Within that context, art is plainly a causal factor that leaves empirically characteristic and reliable traces, just as do necessity and chance. So, we may create a legitimate and potentially fruitful science that studies signs of design.

    Such only becomes controversial because of the current institutionalised dominance of evolutionary materialism in our day.

    G’day

    GEM of TKI

  9. 9
    scordova says:

    Arguing to design seems fruitless to me

    Part of Todd’s inquiry is looking for patterns. We have to know whether the patterns are artifacts of our imagination or whether they really are there!

    How can we formally demonstrate our perceptions of Baramin are not artifacts of our own projection or imagination?

    Furthermore, there are some very important comparative genomics coming into the fray. We would like a methodology for determining if a design is actually there.

    But design detection is very much like pattern matching and reverse engineering linguistics. This could be important in making medical advances.

    See: How IDers can win the war

  10. 10
    scordova says:

    No “intelligence of the gaps” need apply.

    But wait, what if we, upon concluding something is designed, discover an artifact has secondary designs not yet detected. Often when looking at an ancient artifact, one begins to see if it suggests design that describes astronomical phenomenon.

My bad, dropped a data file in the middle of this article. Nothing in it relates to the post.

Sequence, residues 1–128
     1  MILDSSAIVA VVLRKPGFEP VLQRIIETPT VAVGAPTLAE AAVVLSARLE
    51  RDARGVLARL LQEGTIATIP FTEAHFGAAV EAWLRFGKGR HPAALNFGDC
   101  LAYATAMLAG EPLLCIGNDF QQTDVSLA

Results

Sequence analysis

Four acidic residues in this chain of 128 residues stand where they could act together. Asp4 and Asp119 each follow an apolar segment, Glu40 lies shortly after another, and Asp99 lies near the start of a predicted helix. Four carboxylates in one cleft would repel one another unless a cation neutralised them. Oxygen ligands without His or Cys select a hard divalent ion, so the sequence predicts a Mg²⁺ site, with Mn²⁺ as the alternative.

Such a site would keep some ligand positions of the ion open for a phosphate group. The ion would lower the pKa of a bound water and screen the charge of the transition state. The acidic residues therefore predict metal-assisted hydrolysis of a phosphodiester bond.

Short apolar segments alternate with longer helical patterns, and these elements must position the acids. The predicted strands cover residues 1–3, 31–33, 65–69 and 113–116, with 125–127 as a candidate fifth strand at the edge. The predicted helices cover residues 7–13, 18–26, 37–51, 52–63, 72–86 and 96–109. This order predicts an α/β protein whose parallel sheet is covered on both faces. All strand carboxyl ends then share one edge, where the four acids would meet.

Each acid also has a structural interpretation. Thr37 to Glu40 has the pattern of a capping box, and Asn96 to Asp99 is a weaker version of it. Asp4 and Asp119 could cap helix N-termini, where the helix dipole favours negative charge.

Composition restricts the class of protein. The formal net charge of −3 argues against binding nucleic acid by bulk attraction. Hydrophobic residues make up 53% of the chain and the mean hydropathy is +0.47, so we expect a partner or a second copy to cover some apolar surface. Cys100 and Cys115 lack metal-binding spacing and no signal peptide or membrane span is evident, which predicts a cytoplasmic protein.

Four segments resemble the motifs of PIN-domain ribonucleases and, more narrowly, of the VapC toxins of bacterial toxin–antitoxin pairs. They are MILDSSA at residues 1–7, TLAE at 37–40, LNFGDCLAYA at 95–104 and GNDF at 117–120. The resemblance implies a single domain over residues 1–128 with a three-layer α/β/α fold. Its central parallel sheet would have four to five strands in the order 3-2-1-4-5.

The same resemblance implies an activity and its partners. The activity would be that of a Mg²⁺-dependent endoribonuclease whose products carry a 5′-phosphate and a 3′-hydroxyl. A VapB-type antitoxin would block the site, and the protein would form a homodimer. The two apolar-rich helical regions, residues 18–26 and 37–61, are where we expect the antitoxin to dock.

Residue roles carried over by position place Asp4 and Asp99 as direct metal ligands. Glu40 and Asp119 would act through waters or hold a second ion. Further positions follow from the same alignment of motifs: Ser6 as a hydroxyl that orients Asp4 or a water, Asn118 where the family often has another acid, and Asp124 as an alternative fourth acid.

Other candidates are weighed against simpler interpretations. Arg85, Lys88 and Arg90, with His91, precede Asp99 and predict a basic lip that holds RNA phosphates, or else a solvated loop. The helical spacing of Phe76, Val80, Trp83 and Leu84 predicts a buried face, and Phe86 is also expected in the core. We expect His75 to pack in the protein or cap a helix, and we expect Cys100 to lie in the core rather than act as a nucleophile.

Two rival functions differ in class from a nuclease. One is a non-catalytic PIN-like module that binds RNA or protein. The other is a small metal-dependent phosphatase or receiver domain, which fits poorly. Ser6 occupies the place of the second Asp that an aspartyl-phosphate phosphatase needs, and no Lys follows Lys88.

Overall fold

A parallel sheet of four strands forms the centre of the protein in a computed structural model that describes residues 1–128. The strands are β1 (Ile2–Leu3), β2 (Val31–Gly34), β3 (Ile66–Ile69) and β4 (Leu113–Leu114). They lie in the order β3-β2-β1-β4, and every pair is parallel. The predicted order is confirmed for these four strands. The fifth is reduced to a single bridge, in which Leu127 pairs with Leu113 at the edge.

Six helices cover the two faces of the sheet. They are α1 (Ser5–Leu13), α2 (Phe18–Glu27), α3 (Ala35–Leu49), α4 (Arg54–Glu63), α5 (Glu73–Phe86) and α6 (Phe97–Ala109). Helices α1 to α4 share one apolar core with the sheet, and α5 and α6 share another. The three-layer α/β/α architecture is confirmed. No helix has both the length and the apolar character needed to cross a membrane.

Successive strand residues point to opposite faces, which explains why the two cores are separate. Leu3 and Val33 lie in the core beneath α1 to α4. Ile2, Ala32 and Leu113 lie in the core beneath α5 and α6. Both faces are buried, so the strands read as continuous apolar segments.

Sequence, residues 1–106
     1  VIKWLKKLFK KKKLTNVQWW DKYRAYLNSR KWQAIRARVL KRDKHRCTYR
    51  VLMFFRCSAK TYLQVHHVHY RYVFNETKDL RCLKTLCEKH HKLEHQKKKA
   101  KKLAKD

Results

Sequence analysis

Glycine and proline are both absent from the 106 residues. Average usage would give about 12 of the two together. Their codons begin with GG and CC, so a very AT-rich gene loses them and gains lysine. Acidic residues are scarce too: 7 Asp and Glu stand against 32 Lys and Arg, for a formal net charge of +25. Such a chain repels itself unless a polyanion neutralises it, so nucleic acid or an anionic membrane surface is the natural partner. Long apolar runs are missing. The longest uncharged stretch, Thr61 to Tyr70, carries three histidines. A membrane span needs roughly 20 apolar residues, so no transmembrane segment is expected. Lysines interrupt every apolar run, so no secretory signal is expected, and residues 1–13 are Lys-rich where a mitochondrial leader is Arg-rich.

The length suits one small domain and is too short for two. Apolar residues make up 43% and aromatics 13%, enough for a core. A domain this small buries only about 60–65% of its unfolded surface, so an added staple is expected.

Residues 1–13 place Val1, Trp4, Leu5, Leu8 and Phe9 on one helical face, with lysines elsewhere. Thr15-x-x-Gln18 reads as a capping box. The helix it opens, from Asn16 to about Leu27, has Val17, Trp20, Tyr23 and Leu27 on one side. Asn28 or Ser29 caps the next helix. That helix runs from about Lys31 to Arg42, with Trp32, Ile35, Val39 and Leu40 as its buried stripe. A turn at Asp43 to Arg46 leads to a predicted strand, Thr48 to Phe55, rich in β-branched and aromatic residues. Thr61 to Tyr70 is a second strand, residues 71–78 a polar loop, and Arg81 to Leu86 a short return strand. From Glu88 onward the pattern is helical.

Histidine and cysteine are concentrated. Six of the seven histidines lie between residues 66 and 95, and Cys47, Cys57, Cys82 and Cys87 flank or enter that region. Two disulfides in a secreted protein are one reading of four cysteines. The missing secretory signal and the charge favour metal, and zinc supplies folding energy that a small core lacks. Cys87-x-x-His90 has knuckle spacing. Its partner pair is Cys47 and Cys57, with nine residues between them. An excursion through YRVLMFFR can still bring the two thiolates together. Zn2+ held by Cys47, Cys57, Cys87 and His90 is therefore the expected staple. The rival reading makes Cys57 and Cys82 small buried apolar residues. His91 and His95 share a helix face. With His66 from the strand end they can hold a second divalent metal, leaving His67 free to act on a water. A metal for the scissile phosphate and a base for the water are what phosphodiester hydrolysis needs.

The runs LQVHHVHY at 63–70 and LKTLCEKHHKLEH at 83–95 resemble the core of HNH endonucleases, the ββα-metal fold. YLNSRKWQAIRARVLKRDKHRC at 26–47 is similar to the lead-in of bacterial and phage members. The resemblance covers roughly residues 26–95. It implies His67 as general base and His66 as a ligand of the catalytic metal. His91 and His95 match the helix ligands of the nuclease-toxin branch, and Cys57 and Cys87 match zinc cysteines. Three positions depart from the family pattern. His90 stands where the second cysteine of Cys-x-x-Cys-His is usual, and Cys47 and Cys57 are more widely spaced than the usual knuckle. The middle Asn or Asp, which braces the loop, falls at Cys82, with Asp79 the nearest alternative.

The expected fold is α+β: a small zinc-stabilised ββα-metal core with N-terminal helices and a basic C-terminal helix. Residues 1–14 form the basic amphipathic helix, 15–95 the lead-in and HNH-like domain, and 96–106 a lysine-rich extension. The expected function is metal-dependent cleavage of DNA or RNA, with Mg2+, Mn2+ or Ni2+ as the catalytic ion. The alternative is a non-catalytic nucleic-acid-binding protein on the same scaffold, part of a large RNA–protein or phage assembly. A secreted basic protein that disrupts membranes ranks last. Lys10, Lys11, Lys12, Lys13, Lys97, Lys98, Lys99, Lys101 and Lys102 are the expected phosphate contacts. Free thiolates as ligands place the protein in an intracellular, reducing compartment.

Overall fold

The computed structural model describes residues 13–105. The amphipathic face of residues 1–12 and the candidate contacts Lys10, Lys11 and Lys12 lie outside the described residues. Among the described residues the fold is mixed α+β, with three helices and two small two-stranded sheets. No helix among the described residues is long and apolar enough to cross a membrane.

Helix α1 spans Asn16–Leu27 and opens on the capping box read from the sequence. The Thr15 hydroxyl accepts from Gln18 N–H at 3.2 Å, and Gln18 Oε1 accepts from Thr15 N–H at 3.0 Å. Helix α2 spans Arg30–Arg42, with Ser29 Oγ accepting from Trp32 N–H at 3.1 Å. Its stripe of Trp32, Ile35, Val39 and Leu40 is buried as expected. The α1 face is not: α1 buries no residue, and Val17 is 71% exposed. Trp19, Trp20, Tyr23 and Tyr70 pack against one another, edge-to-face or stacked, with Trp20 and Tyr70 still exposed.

Design detection looks designs even in artifacts that are clearly designed.

    During some excavation, we uncovered some artifacts of gears and metal. But merely deciding that it was man-made (intelligently designed) was not the interesting question, but the identifying what the design was. It turned out it was an computer that predicted the motions of celestial bodies.

    ID theories formalize what is alread in practice for detecting man-made design. It might be useful for detecting other forms of intelligent design.

  11. 11

    Re: Item 7 – apologies – I write too quickly and letters and words seem to get missed. But still despite the mutations I think the meaning is still readable.

  12. 12
    hrun0815 says:

    […]but trying to comprehend design? That’s a captivating idea. Begin with the (inescapable) assumption that design is real, and where does that take us?

    Now that’s really the question. Does it lead anywhere that biology (sans design) leads not? I would say not… but examples could convince me otherwise.

  13. 13
    Joseph says:

    hrun0815-

    The design inference leads to places your position doesn’t even consider.

    Take Stonehenge as a perfect example- do you think geologists or archaeologists have a better chance at understanding Stonehenge?

    IOW would geologists, looking for a process not involving agencies, come to a better understanding of Stonehenge than archaeologists who look for processes involving agency?

    Do you think that forensic science is also a waste of time?